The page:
Ionic Liquid – salt in the liquid state
An ionic liquid (IL) is a salt in the liquid state. Ionic Liquids are a new class of purely ionic, salt-like materials that are liquid at unusually low temperatures. In some contexts, the term has been restricted to salts whose melting point is below some arbitrary temperature, such as 100 °C (212 °F). Currently, it’s “official” definition uses the boiling point of water as a point of reference: “These are ionic compounds which are liquid below 100 °C.”
Ionic liquid is a salt in which the ions are poorly coordinated, which results in these solvents being liquid below 100°C, or even at room temperature. They are powerful solvents and can be used as electrolytes.
Ionic liquids (ILs) are a class of non-molecular compounds that are composed solely of ions. While ordinary liquids such as water and gasoline are predominantly made of electrically neutral molecules, ionic liquids are largely made of ions and short-lived ion pairs. If we compare a typical ionic liquid, e.g., 1-ethyl-3-methylimidazolium ethyl sulfate (m.p. <-20 °C), with a typical inorganic salt, e.g., table salt (NaCl, m.p. 801 °C), it becomes obvious why there is a difference. These substances are variously called liquid electrolytes, ionic melts, ionic fluids, fused salts, liquid salts, or ionic glasses. Properties, such as melting point, viscosity, and solubility of starting materials and other solvents, are determined by the substituents on the organic component and by the counterion.
Ionic liquids have many potential applications. It is a salt in which the ions are poorly coordinated, which results in these solvents being liquid below 100°C, or even at room temperature. They are powerful solvents and can be used as electrolytes. At least one ion has a delocalized charge and one component is organic, which prevents the formation of a stable crystal lattice. Salts that are liquid at near-ambient temperature are important for electric battery applications and have been considered as sealants due to their very low vapor pressure. Many ionic liquids have even been developed for specific synthetic problems. For this reason, ionic liquids have been termed “designer solvents”.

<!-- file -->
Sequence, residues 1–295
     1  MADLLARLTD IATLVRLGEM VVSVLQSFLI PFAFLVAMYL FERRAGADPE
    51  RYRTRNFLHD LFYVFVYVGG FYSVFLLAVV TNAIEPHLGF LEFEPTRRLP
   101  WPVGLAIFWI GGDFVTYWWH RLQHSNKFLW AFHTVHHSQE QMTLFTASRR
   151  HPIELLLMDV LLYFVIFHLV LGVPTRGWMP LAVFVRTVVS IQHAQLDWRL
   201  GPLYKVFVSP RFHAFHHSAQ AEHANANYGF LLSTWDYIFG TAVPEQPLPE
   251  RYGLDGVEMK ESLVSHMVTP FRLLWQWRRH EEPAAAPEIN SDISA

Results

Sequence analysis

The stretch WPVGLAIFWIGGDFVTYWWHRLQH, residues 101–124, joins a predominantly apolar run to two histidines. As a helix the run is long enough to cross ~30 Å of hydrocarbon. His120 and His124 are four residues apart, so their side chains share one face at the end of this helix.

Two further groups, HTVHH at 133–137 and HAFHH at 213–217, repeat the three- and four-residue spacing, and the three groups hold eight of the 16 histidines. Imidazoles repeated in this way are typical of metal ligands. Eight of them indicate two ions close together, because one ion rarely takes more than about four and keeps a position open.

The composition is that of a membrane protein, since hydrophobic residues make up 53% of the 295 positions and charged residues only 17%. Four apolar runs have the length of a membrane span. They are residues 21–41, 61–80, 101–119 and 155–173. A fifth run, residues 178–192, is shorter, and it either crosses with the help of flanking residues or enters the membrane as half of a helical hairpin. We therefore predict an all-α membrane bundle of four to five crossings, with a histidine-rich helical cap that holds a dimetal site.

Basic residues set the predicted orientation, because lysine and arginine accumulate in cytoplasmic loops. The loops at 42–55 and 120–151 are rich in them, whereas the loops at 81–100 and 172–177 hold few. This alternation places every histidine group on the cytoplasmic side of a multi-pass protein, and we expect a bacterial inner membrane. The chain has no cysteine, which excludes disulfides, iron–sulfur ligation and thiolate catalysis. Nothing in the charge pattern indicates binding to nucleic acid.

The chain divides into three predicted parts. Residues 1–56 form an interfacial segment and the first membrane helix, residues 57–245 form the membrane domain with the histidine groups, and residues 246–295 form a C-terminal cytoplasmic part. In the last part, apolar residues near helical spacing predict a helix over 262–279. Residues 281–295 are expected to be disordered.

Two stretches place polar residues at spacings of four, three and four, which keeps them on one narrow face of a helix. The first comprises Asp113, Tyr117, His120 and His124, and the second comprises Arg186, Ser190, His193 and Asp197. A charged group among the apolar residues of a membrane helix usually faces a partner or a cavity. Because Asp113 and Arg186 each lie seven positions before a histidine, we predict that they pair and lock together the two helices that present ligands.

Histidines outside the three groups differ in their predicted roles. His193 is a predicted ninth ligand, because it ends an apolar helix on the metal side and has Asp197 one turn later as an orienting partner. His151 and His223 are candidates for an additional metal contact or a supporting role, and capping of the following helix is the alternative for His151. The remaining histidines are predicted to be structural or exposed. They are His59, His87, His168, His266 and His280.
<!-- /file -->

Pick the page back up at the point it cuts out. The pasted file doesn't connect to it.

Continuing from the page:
Any salt that melts without decomposing or vaporizing usually yields an ionic liquid. The absence of volatility is one of the most important benefits of ionic liquids, offering much lower toxicity as compared to low-boiling-point solvents. Sodium chloride (NaCl), for example, melts at 801 °C (1,474 °F) into a liquid that consists largely of sodium cations (Na+) and chloride anions (Cl−). Ionic liquids can also make for safer microwave synthesis methods because sudden pressure surges are not possible. Conversely, when an ionic liquid is cooled, it often forms an ionic solid—which may be either crystalline or glassy. The physical and chemical properties including thermal stability, viscosity, and solubility in water and other organic solvents can be varied by simply changing the combination of cations and anions